Yale-NUS alumni give back to the community

5 February 2021

By Ethel Pang

 *All photos were taken indoors or before the implementation of COVID-19 safe management measures.

At Yale-NUS College, cultivating a lifelong habit of continuous learning and an ethic of service go hand-in-hand. The liberal arts education encourages students to think deeply and critically about contemporary issues, pushing them to engage actively in social impact during and after their time at the College. Ms Stephanie Chee, Mr Vivek Ganesh and Mr Lingges Rao (all from the Class of 2019) are some alumni who were inspired to pursue meaningful careers that make a difference.

Ms Stephanie Chee is a Senior Executive (Sustainability) of the newly created SG Eco Office. Image provided by Ms Chee.

As an Environmental Studies major and Psychology minor, Ms Chee developed an interest in exploring the intersection between these two disciplines during her time at the College. After graduation, she took up a position at Singapore’s Ministry of Sustainability and the Environment (MSE). Currently, Ms Chee is the Senior Executive (Sustainability) of the newly created SG Eco Office. Her work involves leading the set-up and administration of the SG Eco Fund, which was established to support ground-up community projects to advance environmental sustainability in Singapore.

Ms Chee explained that she wanted to support the environmental movement by helping Singaporeans kick-start more sustainability initiatives. She said, “Many individuals and businesses have great ideas for sustainability, but lack the capital to do something for the environment. Hopefully by providing them with resources [through my work], people will feel encouraged and empowered to make an impact.”

She also described her work as “extremely diverse” allowing her to cut across different sectors. For example, she had to engage non-governmental organisations and businesses on potential projects, and liaise with banks and various agencies to establish grant operations. For someone who had no prior training in grant management, learning the ropes was and continues to be a challenge.

Nevertheless, Ms Chee finds her work rewarding. She said, “I think nature and the environment are remarkable and should be cherished. It is meaningful to be able to work on something that could potentially shape a more positive future and build a better community.”

In a similar vein, Mr Vivek Ganesh is also making an impact through his role as a Foreign Service Officer in Singapore’s Ministry of Foreign Affairs (MFA).

During his time at Yale-NUS, Mr Ganesh was already interested in exploring global phenomena, politics and learning more about human rights and ethical development. This interest was further fuelled by his exposure to the diverse College community.

He said, “Meeting people from various backgrounds really pushed me to want to learn more about the world and understand the nuances in how we approach community development for marginalised communities. The College faculty also often encouraged us to have robust discussions on such issues in classes.”

Mr Ganesh viewed his work at MFA as an extension of these interests. He shared, “Working in foreign policy and understanding different political cultures and histories have always been of interest to me. I think ensuring Singapore’s interests, especially as a small country heavily dependent on the rest of the world, is how I can help make a difference. Without ensuring Singapore’s continued growth or the provision of essential goods to our people, crises like COVID-19 would hit us much harder.”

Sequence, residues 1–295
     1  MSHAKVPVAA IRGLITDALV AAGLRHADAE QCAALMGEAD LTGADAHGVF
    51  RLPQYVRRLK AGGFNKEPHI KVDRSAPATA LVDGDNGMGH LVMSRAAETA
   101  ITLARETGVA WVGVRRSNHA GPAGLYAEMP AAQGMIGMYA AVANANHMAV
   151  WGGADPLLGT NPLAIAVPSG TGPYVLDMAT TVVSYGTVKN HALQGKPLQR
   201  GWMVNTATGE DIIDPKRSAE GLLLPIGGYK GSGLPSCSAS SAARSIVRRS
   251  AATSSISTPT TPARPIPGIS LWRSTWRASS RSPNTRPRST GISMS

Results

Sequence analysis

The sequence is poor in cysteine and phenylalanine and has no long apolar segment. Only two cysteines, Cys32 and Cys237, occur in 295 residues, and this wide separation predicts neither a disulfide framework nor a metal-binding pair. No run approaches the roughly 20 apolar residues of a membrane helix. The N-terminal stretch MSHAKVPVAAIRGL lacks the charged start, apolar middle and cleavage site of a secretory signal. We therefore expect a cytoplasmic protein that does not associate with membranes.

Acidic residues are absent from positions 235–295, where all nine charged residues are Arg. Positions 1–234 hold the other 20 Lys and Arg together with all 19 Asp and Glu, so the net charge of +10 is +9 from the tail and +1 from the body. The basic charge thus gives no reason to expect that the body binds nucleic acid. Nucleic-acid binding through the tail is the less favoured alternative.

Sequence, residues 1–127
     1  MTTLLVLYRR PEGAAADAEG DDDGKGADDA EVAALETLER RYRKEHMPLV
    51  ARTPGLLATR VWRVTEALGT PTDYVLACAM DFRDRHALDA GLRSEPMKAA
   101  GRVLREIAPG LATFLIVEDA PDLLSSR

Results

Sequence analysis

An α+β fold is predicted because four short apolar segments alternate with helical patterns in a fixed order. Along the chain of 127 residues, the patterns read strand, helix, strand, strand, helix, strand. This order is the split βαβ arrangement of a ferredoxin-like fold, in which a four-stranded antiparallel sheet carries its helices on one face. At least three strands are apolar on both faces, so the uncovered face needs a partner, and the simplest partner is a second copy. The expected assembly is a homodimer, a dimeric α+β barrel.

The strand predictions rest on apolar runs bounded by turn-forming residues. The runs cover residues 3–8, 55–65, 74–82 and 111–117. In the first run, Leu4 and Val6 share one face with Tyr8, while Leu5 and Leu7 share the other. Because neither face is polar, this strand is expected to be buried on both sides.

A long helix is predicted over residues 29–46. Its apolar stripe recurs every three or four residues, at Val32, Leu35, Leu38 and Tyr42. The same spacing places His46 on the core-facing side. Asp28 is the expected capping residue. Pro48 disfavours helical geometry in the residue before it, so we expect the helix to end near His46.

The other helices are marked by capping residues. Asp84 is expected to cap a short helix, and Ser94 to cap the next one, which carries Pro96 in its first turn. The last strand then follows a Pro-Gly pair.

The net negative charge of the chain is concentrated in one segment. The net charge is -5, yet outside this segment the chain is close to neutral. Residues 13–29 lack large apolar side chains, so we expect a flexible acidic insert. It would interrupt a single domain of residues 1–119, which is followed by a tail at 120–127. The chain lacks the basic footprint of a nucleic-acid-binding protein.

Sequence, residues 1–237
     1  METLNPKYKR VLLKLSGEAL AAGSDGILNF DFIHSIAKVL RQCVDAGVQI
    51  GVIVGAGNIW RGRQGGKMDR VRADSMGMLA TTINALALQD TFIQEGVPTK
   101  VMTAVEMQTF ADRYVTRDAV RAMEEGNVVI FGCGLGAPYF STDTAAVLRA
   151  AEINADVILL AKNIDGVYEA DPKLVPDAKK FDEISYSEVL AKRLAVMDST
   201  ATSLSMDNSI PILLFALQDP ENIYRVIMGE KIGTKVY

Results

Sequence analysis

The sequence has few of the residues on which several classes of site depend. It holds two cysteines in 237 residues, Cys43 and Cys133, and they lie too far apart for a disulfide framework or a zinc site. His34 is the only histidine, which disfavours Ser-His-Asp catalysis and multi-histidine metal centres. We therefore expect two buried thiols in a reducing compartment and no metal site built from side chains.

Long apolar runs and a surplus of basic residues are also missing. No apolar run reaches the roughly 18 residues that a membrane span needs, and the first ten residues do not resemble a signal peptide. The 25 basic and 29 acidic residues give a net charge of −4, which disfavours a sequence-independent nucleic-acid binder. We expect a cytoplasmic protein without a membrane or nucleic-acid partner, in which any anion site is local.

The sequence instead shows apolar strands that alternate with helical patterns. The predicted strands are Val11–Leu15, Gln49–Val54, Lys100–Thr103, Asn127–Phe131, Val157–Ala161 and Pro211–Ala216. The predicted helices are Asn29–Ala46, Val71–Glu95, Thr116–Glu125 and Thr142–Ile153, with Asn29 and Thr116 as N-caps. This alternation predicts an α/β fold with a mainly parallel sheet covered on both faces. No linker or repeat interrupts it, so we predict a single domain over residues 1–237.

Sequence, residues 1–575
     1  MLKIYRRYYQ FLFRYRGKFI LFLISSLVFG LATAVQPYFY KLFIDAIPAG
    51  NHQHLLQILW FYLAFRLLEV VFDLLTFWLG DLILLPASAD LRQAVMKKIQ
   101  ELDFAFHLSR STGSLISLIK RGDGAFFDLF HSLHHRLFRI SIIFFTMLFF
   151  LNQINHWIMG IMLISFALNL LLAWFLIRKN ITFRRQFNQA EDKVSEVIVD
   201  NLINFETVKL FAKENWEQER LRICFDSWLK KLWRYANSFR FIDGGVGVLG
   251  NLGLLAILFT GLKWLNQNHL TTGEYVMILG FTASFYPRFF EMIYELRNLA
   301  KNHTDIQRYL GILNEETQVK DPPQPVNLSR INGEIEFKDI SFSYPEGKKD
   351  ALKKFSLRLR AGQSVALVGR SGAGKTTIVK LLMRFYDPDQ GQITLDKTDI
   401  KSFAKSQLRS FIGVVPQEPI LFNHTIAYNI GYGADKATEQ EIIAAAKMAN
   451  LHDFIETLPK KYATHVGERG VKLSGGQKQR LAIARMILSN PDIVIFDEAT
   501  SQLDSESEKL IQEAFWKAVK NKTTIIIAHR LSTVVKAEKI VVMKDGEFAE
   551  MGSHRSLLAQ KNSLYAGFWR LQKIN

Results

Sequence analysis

Mr Lingges Rao is currently working as an Associate at the Company of Good. Image provided by Mr Rao.

Mr Lingges Rao is an Associate at the Company of Good, a programme developed by the National Volunteer & Philanthropy Centre (NVPC) that aims to “connect organisations who do good strategically, sustainably and impactfully”. His role focuses on administering the Company of Good Fellowship, a programme that develops skill sets and giving back opportunities for high-potential corporate givers.

“The concept that corporations can offer more than just philanthropy excites me. To hear and meet corporates who are not just invested in it as a branding activity, but because they see the vital role they play in giving is an inspiring part of my work,” Mr Rao shared.

His interest in social impact work developed during his time in College, through participating in various activities and encountering diverse communities in his residential life activities. During his first year, he participated in the Social Impact Bootcamp organised by the Centre for International & Professional Experience (CIPE) where he learnt how private-public partnerships could contribute positively to the community and the significance that organisations could play in the social sector. Inspired, Mr Rao decided to take up an internship at the Company of Good to reach out to various organisations and help them identify potential ways to benefit the wider society. He eventually took up a full-time position with them.

When asked what motivated him to pursue such a meaningful career, Mr Rao said, “Honestly, I don’t believe my role is any more meaningful than anyone else’s. I feel inspired to contribute to society through a more easily identifiable pathway and hopefully amplify the impact on the community by encouraging more organisations to give back when they can. Regardless of what role we have in society, we are all part of a broader community and we should thus play our part.”